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Grow your own food: 10 tips for urban gardening in Brussels

01:00 20/04/2016
Brussels has great potential - and no space is too small

The Brussels region has set an ambitious goal to locally produce 30% of the fruit and vegetables that its residents consume by 2035. The figure currently stands at 1%.

There might be a long way to go - but the good news is that Brussels has great potential for urban gardening and no space is too small, according to Allan Howard, a Scotsman in Brussels whose kitchen garden in Ixelles has been growing for a decade.

"We don't buy any tomatoes, cucumbers or beans throughout the summer months until about October," he says. "A lot of the stuff gets processed and put into the freezer, so that will extend it even more.

"With the weather changes there are some benefits with the latitude that Brussels sits on. We're going to have reasonably better summers for producing, so there is a possibly that our food production in the city could see a lot more of it coming from inside the city."

So where do you begin? Here are a few of his tips.

No space is too small

Even if you're in a garden-less apartment with just a window sill, you can still start producing many of your salad requirements. "There's a system for growing different mixed lettuce called cut and come again. That's a very simple thing that one person can do." With just a few trays on the railing of his balcony, Howard is producing chicory, beetroot and radish for summer salads. 

Gardening is a 3D puzzle

If you're looking at the tiny patch of land at the back of your house and think space is a constraint, think again. "There's actually quite a lot you can do in those spaces if you don't just think about sitting things on the ground," says Howard. "The trick is to use the height - vertical gardening is what it's all about. Brussels gardens are mainly walled-in areas. In the city you've got structure which many crops require. They need support to grow. The walls in cities not being used is a shame." In the height of summer, part of his garden will be up to 2.5 metres tall - filled with beans, tomatoes, cucumbers, basil and peppers. "This is where permaculture comes in, mixing species together and using different levels," he says.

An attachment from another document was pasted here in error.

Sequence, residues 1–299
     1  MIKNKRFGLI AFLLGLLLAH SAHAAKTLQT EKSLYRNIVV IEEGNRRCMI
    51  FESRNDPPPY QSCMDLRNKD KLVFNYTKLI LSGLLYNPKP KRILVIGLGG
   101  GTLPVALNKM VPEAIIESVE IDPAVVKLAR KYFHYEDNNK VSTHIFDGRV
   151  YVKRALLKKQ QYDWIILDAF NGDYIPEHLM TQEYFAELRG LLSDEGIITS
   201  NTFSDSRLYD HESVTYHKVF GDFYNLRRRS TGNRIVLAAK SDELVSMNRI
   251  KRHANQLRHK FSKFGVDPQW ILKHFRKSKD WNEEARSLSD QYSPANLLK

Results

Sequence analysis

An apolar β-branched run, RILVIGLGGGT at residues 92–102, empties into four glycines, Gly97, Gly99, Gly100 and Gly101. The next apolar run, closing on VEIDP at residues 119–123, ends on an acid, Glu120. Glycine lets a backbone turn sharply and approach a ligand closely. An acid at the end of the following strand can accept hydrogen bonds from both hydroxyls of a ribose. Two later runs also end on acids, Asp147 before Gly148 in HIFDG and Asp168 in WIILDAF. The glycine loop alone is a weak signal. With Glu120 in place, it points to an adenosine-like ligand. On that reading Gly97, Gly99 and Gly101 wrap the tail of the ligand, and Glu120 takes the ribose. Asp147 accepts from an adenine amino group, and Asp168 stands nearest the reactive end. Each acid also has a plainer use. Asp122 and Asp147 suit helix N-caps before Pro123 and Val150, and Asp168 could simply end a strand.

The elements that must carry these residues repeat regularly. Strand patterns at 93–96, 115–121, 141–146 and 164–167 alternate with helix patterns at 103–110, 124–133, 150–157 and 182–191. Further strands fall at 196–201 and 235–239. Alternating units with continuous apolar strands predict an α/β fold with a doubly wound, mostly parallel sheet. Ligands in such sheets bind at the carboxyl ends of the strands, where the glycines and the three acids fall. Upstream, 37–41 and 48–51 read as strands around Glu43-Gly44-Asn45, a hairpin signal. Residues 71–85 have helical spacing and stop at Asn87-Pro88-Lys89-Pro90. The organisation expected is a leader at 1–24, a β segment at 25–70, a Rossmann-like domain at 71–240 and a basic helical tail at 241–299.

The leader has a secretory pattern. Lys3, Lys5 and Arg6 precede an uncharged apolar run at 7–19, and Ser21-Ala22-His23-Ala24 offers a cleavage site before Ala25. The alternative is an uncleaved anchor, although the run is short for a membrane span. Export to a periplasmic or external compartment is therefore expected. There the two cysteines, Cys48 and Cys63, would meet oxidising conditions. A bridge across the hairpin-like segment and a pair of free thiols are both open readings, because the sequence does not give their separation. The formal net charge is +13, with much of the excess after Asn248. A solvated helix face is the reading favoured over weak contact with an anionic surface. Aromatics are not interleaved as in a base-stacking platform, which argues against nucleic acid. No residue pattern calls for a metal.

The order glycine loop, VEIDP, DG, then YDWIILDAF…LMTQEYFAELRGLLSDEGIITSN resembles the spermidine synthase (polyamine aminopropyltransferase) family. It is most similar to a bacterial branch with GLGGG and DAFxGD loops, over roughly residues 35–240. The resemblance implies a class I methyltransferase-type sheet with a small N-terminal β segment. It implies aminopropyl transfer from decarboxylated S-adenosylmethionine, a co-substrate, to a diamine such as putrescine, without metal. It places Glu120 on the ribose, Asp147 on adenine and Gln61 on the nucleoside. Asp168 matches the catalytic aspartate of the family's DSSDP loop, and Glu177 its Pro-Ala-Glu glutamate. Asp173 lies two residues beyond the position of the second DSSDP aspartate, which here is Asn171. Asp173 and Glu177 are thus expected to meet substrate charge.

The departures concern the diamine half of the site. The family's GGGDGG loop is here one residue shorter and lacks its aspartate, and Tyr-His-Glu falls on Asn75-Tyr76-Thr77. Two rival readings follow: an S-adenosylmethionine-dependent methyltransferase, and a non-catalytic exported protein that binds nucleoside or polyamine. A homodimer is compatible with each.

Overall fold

Think outside the box

Even a stairwell leading down to a basement has potential - a pot on each step takes up little space and can be used for growing anything from beans and cucumbers to tomatoes and chili peppers.

Move things around

Plants have different growing cycles and different needs when it comes to light and shade. Beans might start the spring in direct sunlight and then be moved to a shaded part of the garden to make room for later-growing plants. "What you learn to do is bring things on in the sunlight, then you can move them into the places where there's less sun. The trick is to start things in one area and then move them."

Build a raised bed

Just a few square metres of outdoor space is enough to build your own bed. "A basic raised bed is a good starting point for anyone," Howard says. "They work with compost systems. We compost everything in the house. It keeps the soil healthy, keeps it clean. The coffee shop round the corner will give me a bag of coffee grounds which goes into that. This strengthens the soil so it doesn't require artificial feeds."

Keep a close eye on the weather

The biggest factor affecting your success will be the weather which, in Belgium, can be very unpredictable. A lot of English-language tutorials on YouTube are not relevant for the Belgian climate. "Every year is different," says Howard. "Today we're standing here in glorious sunshine, but tonight the temperature could fall to 2°C and any of the smaller plants would just not manage. Plants are 98% water, so frost will destroy them."

Join forces

If you'd rather team up and make your urban gardening a collective effort, help is at hand. "The Brussels authorities have done an excellent job over the last number of years," Howard says. "If anyone can find a piece of derelict ground and half a dozen people who together are interested in doing something, there's no doubt the support is there for it."

Take to the roof

Brussels has great potential for rooftop gardening, says Howard - an area in which he hopes to carry out more research in the near future. "In Holland, Germany and America it's a very well-established thing to have rooftop gardens. Brussels only has a couple. Anyone that walks around Brussels sees the number of flat roofs that are available, it's quite interesting. It's about trying to find a low-cost way to do it."

Spread the word

"People are becoming more interested in getting a direct source of good quality food," says Howard - so share your experiences with others and help your children learn about gardening. "Most children have no idea where their food is actually coming from. Our children and their friends come here to see these things growing. We've got generations growing up that don't know anything about where their food is coming from, or the fact that they can actually produce it themselves."

Don't be afraid

Mistakes will happen, attempts will fail. "This garden we've been doing for 10 years - every year we try out new things," Howard concludes. "There is no expertise in this - it is very much trial and error all the time."

To read more about Allan Howard's urban gardening work, visit

Written by Paul McNally